4. Auburn's more experienced than most. Steele's final aggregation of his experience data--combining experience on the two-deep, lettermen lost, yards returning, tackles returning, and career offensive line starts returning--ranks Auburn the 36th-most experienced team in the country and fifth in the SEC behind Florida, Ole Miss, LSU, and Kentucky. He notes that even Auburn's relative inexperience on the offensive line isn't a disaster or anything; four of Auburn's projected starters have 7 or more career starts. (Andrew McCain? It's on you, buddy.)
5. The defensive line wasn't as good as perhaps it should have been last year. Here, I'll just let Steele sum it up for you:
Last year they had to replace 2.5 starters including #2 and #3 DC's. They did return 1 full-time starter plus Antonio Coleman who had 7 starts (8.5 sk '07). Auburn slipped allowing their worst overall ypc(4.1) since 1995 (139 ypg) and the D had just 21 sacks ... Coleman turned down an early shot at the NFL, so they have 3 starters returning and add PS#22JC Nick Fairley. They can only improve on 2008's poor numbers.Well, I don't know if I'd call Mike Blanc a returning starter (as Steele does), but here's to hoping he's right about that.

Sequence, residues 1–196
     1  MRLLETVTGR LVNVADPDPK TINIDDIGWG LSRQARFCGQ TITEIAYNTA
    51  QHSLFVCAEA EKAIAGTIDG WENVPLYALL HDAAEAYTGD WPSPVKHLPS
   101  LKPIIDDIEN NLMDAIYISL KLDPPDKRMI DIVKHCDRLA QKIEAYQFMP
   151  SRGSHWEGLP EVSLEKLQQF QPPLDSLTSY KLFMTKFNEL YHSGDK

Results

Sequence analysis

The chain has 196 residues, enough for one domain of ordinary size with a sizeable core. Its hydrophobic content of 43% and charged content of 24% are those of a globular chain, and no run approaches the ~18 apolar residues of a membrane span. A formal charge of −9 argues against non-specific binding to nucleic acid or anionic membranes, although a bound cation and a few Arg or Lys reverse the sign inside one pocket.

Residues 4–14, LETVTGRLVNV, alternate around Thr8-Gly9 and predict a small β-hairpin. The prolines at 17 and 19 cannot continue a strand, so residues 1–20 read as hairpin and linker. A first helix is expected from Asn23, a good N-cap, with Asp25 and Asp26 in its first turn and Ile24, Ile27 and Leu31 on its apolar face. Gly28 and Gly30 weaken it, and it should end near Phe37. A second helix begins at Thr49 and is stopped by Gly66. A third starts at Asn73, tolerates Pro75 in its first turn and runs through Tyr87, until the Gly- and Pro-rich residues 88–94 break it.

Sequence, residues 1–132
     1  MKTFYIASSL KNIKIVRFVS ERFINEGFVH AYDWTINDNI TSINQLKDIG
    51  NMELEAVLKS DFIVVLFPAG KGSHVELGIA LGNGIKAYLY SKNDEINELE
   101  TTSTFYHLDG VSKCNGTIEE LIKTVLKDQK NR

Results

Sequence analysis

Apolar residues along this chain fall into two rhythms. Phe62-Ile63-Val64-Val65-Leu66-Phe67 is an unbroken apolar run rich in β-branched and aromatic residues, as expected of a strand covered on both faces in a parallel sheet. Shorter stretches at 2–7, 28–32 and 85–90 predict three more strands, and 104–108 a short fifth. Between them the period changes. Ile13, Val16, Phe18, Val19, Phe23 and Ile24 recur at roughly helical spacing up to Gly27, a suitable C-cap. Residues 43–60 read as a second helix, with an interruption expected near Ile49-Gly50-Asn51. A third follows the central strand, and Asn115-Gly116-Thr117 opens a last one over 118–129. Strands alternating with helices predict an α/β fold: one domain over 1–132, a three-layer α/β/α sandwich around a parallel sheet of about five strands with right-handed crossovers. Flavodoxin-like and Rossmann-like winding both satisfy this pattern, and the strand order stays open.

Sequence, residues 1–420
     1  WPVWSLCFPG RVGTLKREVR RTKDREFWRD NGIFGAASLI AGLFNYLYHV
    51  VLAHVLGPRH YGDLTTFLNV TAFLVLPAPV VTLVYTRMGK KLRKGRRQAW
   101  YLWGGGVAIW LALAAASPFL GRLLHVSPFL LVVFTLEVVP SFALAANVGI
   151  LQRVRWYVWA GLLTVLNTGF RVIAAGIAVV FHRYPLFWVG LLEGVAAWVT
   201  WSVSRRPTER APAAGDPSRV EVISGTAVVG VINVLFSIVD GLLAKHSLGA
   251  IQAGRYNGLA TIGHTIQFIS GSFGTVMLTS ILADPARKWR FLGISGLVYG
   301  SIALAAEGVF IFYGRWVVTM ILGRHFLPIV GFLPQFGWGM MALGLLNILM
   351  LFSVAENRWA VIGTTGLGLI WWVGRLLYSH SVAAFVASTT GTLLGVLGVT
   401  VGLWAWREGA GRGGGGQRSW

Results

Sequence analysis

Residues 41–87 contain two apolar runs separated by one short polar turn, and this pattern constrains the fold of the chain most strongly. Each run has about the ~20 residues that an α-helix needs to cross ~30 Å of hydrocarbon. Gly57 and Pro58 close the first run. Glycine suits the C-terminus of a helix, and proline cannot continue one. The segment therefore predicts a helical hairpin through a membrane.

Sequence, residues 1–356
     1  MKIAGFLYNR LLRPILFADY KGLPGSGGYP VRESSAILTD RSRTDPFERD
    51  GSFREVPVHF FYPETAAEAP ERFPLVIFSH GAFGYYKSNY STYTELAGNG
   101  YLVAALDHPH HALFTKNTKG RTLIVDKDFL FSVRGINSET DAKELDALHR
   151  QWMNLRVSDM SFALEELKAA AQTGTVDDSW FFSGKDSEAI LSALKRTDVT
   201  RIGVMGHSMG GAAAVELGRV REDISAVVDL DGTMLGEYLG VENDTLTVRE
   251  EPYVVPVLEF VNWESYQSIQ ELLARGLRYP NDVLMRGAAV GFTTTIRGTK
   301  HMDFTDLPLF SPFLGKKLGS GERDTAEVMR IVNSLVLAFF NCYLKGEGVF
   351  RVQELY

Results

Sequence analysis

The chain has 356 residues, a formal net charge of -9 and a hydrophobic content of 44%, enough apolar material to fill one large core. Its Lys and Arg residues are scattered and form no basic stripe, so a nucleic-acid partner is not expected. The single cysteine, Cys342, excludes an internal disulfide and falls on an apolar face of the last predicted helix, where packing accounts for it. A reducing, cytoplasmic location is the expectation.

6. Clinton Durst is the man. Not surprisingly for a pundit who places more emphasis on net punting than raw yardage, Steele loves him some Saturn V: Durst is one of only two Auburn players on his All-SEC first team (Coleman is the other) and ranks fourth in his list of the top 22 draft-eligible prospects at the position.
Other Auburn names on the draft-eligible list: Coleman No. 6 at defensive end, Josh Bynes No. 16 at inside linebacker, Zach Clayont (!) No. 42 at defensive tackle, Aairon Savage No. 46 at cornerback, Zac Etheridge No. 20 at free safety, and Mike McNeil No. 11 at strong safety. (Yeah, the safeties are switched from their actual position. Just roll with it.)
7. Despite all that, Auburn doesn't have any elite units. You may know Steele devotes several pages in the mag to ranking the top 33 or 34 units in the country at each position, with little write-ups for the top 15. For the first time I can remember since I started reading Steele in '04 or '05 or so, Auburn didn't have a single unit make the "write-up section. He rated the running backs No. 28, the defensive backs No. 24, and the special teams No. 31 ... and that's it. In his SEC-only unit rankings, none from Auburn rank higher than fifth.